I have been to London quite a lot in the last few years. To be precise, this March was my fifth time in the city. I travelled with two friends, one of whom was a first-time visitor. That meant we did a lot of the typical tourist stuff, visiting all the major London attractions that I’ve done plenty of times before. I didn’t mind though, because even though I hardly visited anything I hadn’t yet seen, I still discovered some new sides of this familiar city – and learned a few lessons, too.
Tower Bridge by night
I can’t even count the times I’ve walked over the Tower Bridge, strolled down the Queens Walk or wandered around the Tower, taking in the views on both sides of the river. But as I’ve mostly been to London in summer, I don’t recall having ever done it in the dark.
That was different this year, because we all know in March it still gets dark pretty soon. So for the first time I came to see the London skyline and the Tower Bridge by night – and it was magnificent. The skyscrapers shine in all kinds of lights, as does the famous bridge.
My friend discovered a little fountain at Queens Walk that was lighted in different colours. With the Tower Bridge as background, you pretty much can’t find a better spot for pictures. But see for yourselves!
London Eye in the rain
Overall we were very lucky with the weather in London. I usually am when I travel there. Really, I don’t understand why London weather has such a bad reputation. I mostly remember sun and heat. This march, too, it was warm – far warmer than expected even, leaving us sweating in hour heavy coats.
It was also dry. Mostly. Except, of course, the morning we visited London Eye.
I’ve been on the London Eye before when it was sunny, and the view is beautiful. When it rains, it’s still beautiful, only you can’t prove it because when you try to take pictures all you get is raindrops. So if you’re planning on visiting this landmark, please be wiser than us, and be sure to check the weather forecast so it’s not raining.
The guy at 221B Baker Street must be the most patient person ever
If you visit Sherlock Holmes famous address, there is a guy dressed up in a Victorian police uniform at the entrance. Strictly speaking his job is to check tickets for the entry into the museum, but obviously he’s also taking photos with all the tourists. The patience with which he does this is astounding.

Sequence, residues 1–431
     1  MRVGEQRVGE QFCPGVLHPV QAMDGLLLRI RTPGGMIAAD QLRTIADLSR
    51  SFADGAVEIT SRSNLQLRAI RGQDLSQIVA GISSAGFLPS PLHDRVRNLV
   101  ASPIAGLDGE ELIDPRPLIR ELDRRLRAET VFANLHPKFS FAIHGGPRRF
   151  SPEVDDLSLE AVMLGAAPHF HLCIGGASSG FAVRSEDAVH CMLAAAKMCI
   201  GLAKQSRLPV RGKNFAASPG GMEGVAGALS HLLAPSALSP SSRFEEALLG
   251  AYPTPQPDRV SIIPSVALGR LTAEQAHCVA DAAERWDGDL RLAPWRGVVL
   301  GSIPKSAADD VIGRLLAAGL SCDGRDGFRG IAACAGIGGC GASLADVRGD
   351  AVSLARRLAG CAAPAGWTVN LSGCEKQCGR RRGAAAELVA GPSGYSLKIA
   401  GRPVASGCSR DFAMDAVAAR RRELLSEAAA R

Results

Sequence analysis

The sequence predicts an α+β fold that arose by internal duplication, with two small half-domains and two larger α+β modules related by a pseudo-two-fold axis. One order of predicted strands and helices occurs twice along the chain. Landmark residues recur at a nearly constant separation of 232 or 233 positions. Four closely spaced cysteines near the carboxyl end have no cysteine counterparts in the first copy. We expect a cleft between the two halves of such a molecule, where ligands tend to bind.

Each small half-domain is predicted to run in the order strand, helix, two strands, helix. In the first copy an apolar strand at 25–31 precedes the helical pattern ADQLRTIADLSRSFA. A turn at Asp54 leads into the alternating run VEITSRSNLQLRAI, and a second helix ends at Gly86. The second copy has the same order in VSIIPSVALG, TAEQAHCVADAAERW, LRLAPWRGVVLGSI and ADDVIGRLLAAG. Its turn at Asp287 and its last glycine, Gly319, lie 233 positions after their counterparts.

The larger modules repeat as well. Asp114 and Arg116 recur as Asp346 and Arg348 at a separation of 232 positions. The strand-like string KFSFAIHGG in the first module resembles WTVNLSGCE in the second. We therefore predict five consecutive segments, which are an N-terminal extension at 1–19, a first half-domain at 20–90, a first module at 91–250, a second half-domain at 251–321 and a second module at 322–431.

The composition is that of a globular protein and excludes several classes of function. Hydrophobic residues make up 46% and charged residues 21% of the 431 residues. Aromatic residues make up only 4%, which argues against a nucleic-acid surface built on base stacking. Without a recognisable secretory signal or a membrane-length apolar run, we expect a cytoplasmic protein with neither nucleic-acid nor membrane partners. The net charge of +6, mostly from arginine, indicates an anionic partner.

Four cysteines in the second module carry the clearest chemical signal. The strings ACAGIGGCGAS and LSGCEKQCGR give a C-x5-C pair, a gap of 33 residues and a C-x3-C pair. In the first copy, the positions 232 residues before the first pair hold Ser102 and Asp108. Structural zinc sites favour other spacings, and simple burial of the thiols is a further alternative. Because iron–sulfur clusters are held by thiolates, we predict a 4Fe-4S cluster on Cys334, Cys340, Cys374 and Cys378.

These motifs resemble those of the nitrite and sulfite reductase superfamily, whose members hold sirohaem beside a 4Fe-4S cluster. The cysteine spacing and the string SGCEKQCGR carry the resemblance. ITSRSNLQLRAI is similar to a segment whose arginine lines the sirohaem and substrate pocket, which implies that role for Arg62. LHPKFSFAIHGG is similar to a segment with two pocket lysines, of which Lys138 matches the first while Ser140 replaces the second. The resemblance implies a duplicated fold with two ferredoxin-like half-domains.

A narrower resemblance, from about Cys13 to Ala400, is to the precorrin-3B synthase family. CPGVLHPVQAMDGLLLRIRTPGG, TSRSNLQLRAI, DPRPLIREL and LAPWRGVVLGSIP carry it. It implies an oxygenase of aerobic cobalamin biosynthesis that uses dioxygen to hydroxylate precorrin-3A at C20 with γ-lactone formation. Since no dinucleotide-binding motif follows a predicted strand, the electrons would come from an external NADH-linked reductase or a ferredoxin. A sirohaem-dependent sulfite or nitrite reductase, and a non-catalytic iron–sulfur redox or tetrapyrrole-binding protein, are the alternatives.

We took a few photos, thanked him, and left. Then we realised we hadn’t taken single photos, so we came back and did that. When already walking away again, we had a new photo idea and returned a third time…you get the picture.
Every single time he was nothing but nice and friendly, and patiently took any silly photo we could think of, as many times as we wanted. And that despite the fact there was a huge line of people waiting to enter the museum.
I also happen to know that the exact same guy already did this job last year (there’s a photo somewhere to prove it). I guess there must be something enjoyable about being photographed all day.
Don’t worry if the underground doesn’t run; there’s always ways
There was some construction work going on during our visit, which caused the underground to be closed in the Northern part of the city. This proved a problem when going to Baker Street, King’s Cross and some other destinations we wanted to get to. We often had to take longer routes to get where we wanted to go. And sometimes, there was no other choice but walk.
I’m a great fan of walking, because I find it’s often the best way to see a city. Mostly because you actually see it, rather than just sitting in an underground staring at the tunnel wall. But of course in a city the size of London you simply can’t walk everywhere.
However, when we were forced to walk to Baker Street from our hotel at Paddington it showed us a new part of town that none of us had ever been to before – and that we probably would never have gone to if it hadn’t been for the closed underground. Shows you that sometimes perceived obstacles turn out to be chances in disguise.
The TARDIS is more fun with friends
Yes, I know, it’s not actually a Tardis, it’s a police box. Situated right at Earl’s Court Station, and as far as I know the only one still standing in London. But come on, Tardis is so much cooler.
I was there two years ago, but I was on my own in London at the time, and thus had to ask a stranger to take a picture of me. I specifically asked someone who had just taken a photo of it himself, in the hope of finding a kindred spirit. It didn’t work. While he agreed to take the photo, he looked at me as though I had lost it a little.
This time I returned with friends, and at least one of them was also a Doctor Who fan. Which meant we could take pictures of each other for ages without the need to be embarrassed about it. So much more fun. And a so much better result!
This is what I love about London. There’s always something new to discover, something else to do, or something familiar to do in a new way. It’s a city where it’s simply impossible to get bored. And I already have such a long to-do list for my next visit…
How many times have you been to London? What new things have you discovered? And what do you like to always come back to? Share in the comments!
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